And actually, I should point out that #2 would result in a _lot_ more overhead due to all the work done for each remove call than you get with #1. So, given that fact, I would actually _expect_ #1 to be faster in the general case. - Jonathan M Davis
Nov 06 2011
parent "Alex_Dovhal" <alex_dovhal yahoo.com> writes:
Thakns for details. Arfer another small benchmark, it appeared that addition 
to AA is 10x times slower than removal from it. So that's why (2) isn't so 
bad in my previous tests - most of time AA was adding elements to remove 
later. Anyway if (2) also reallocates it's much much worse that (1). 
Nov 06 2011
prev sibling next sibling parent "Marco Leise" <Marco.Leise gmx.de> writes:
Am 06.11.2011, 00:15 Uhr, schrieb Alex_Dovhal <alex_dovhal yahoo.com>:

 "Marco Leise" <Marco.Leise gmx.de> wrote:
 Are you this Alex?

 As I understand it this function is defined in object_.d which is always
 imported by default and can be called on an (associative) array through  
 a
 mechanism called "universal function call", that matches the part before
 the dot with the first parameter of the function. This only works for
 arrays. So I believe it is a free function (to invalidate/finalize a
 variable) and not a property of an array at all.

Thanks for clarification. So now my question and task changes. Is there a way to reuse previous memory occupied by AA, when I need to change all of it element? E.g. for dynamic arrays it's possible to make: dyn_arr.length = 0; assumeSafeAppend(dyn_arr); fill_new_values(dyn_arr);

No way I heard of. You could delete the entries one by one. :D I guess setting all references to null is the easiest way to 'clear' an AA.
Nov 06 2011
prev sibling parent Jonathan M Davis <jmdavisProg gmx.com> writes:
On Sunday, November 06, 2011 13:39:27 Alex_Dovhal wrote:
 "Marco Leise" <Marco.Leise gmx.de> wrote:
 No way I heard of. You could delete the entries one by one. :D
 I guess setting all references to null is the easiest way to 'clear' an
 AA.

Thanks. I tried both of them in small benchmark. Results are (1) fill_values(aa); aa = null (2) fill_values(aa); aa.remove(...) For both methods time1/time2 is around 35/52, with aa size 10, 100, 1000, and 10000. Interesting enough, with aa size 1M, 10M, 100M time1/time2 is around 1/1. So (1) is prefered for 10-1000 elements situation i have, but it allocates memory each time :( while 2 reuses it, IMHO.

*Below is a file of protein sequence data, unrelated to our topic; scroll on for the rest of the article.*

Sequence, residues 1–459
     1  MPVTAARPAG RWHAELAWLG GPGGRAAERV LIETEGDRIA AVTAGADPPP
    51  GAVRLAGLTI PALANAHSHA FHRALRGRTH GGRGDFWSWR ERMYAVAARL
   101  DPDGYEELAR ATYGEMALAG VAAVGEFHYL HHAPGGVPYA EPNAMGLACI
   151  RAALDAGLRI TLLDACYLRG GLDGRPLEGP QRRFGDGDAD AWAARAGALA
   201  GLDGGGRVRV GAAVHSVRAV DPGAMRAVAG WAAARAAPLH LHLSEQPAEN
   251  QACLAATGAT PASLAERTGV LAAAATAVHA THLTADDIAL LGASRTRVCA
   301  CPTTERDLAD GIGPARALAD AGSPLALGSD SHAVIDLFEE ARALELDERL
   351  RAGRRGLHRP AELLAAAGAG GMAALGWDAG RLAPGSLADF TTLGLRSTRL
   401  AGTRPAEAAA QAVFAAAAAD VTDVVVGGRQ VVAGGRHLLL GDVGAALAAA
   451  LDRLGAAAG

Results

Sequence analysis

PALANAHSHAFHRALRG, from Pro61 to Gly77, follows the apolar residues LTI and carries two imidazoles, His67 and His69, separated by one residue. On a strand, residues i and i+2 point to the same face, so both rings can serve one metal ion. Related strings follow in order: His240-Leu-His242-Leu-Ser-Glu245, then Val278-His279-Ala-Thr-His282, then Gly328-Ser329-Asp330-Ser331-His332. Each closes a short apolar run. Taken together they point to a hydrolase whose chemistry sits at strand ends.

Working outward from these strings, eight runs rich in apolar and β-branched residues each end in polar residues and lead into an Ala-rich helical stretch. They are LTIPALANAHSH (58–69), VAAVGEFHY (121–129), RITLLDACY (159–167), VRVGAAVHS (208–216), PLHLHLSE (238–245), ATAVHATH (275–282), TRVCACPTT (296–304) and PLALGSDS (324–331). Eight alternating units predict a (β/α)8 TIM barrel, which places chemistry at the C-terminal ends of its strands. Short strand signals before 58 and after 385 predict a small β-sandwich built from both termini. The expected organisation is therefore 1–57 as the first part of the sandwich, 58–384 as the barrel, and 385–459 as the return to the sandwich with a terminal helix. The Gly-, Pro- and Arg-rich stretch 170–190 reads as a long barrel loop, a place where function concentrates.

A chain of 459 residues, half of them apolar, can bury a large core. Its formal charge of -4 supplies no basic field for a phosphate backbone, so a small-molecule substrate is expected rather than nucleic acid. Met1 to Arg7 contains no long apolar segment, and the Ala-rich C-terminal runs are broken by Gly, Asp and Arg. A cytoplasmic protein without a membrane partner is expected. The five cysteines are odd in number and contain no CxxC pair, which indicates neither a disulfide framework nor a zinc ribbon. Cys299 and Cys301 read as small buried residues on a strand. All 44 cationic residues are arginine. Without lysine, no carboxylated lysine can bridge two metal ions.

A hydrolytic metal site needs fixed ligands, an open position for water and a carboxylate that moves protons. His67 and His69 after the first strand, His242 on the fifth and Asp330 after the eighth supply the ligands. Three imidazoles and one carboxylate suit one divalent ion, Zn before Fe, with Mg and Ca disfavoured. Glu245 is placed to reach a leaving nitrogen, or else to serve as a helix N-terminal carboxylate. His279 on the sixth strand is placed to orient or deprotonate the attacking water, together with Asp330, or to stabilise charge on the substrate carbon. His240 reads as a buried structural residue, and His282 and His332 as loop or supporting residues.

2 doesn't necessarily reuse it. It depends on what the GC does and how AAs are currently implemented. It's likely that in both cases, you end up with a fair bit of stuff which is on the heap and no longer referenced such that if a garbage collection cycle runs, it would be collected (or if one doesn't run, it just sits there still taking up memory). The only real difference is that _some_ of the memory will be reused with 2, whereas with 1, you need a whole new AA. In both cases, new memory will be required. How much that is depends n the current implementation of AAs. And which one is more likely to trigger a GC cycle probably depends on a number of factors. So, it wouldn't suprise me at all either way. I imagine that it's at least simpler for the GC to collect the memory quickly in the first case, since the entire AA can be collected instead of all of it, but I don't know. AAs are a _completely_ different situation from dynamic arrays. With dynamic arrays, you have a clear block of contiguous memory that you're playing with, and it's obvious what's going to be reused if you want reuse. The situation is _far_ more complicated with a hash table, which is likely to have a fair number of items on the heap - particularly for handling each bucket (and there's a decent chance that each of those is a dynamic array). So, I very much doubt that your going to reuse much memory from an AA unless a GC cycle is run, regardless of whether you do #1 or #2. - Jonathan M Davis
Nov 06 2011